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7.3.6 Bank Success

So what is the effective added value in controlling customer satisfaction and customer loyalty? Customer satisfaction and loyalty have long been decisive for company success, well before the digital age (Anderson et al. 1994; Homburg and Rudolph 1997). The added value can be defined from the perspective of the customer and of the bank—the basis for a relationship between equals.

From the customers' perspective, their behaviour—if they are satisfied— changes in various different aspects. Satisfied customers—who at the same time are loyal customers—repeatedly purchase the same product, or a different product from the same provider (Anderson and Sullivan 1993).[1] They have low price sensitivity (Reichheld 1996), a higher fault tolerance, and contribute to product development (Braunstein 2001).

Successful customer loyalty is also reflected in the communication behaviour of the customer. Satisfied customers are more willing to communicate the advantages of the product to other interested parties. If the recommendation quota of loyal customers increases, this makes acquiring new customers easier. For their part, new customers who have been acquired via recommendations tend to display a more loyal behaviour than those acquired, for example, via an advertising campaign (Huber et al. 2006) (Fig. 7.10).

The behaviour of satisfied customers has various positive effects on bank success. The turnover of the bank increases as a result of the repeated sales of the same or different products (cross-selling) to existing customers (Huber et al. 2006). Banks can better estimate the creditworthiness of their existing customers—which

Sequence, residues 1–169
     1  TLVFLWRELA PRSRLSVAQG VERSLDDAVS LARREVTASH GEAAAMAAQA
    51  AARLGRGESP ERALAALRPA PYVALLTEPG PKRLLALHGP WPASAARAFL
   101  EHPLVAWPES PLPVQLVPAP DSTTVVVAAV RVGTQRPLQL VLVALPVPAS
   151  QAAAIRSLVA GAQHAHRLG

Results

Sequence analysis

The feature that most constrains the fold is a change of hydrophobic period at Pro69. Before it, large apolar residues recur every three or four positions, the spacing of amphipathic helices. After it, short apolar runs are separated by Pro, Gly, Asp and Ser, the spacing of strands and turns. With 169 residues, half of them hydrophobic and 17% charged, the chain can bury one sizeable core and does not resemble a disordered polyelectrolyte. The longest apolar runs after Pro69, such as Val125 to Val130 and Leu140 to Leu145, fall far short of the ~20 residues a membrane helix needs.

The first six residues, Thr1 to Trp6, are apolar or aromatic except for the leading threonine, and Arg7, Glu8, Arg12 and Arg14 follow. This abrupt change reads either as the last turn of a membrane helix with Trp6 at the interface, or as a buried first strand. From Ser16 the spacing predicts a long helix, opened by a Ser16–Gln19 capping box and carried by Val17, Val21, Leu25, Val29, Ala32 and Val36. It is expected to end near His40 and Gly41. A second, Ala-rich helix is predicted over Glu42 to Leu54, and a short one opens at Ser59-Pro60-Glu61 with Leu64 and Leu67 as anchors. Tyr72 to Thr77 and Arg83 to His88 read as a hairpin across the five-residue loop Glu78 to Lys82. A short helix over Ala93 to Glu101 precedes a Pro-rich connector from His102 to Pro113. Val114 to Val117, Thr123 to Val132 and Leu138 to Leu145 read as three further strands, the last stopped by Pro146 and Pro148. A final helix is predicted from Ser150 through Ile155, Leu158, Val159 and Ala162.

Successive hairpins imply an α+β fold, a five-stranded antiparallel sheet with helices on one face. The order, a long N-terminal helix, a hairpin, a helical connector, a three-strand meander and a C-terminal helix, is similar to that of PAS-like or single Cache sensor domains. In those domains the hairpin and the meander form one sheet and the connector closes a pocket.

Fig. 7.10 Behaviour of satisfied bank customers (Source Own illustration)

Fig. 7.11 Influence of satisfied bank customers on the bank success (Source Own illustration)

Fig. 7.12 Customer satisfaction and company value (Source Matzler and Stahl 2002, p. 49)

decreases risks and the information costs of providing loans. Investment recommendations can also be optimised, because there is a broader information base and investment history, compared to new customers. Due to their lower price sensitivity, existing customers are also less receptive to cheaper competing offers. Finally, innovation risk can also be minimised by involving customers in product development at an early stage, while at the same time the innovation potential is raised due to the innovative capabilities of the customers (Fig. 7.11).

Realising all of this potential can lead to an increase in company value. Matzler and Stahl presented in detail the influence of customer satisfaction on cash flow, and thus on the value of the company (Matzler and Stahl 2002). There is no explicit mention of customer loyalty as a concept, but it is contained at least implicitly in the subject of repeat purchases and cross-selling (Fig. 7.12).

  • [1] Numerous empirical studies show the positive effect of customer loyalty on a company's success (Bahradwaj 1996; Butz and Goodstein 1995; Kalwani and Narayandas 1995).
 
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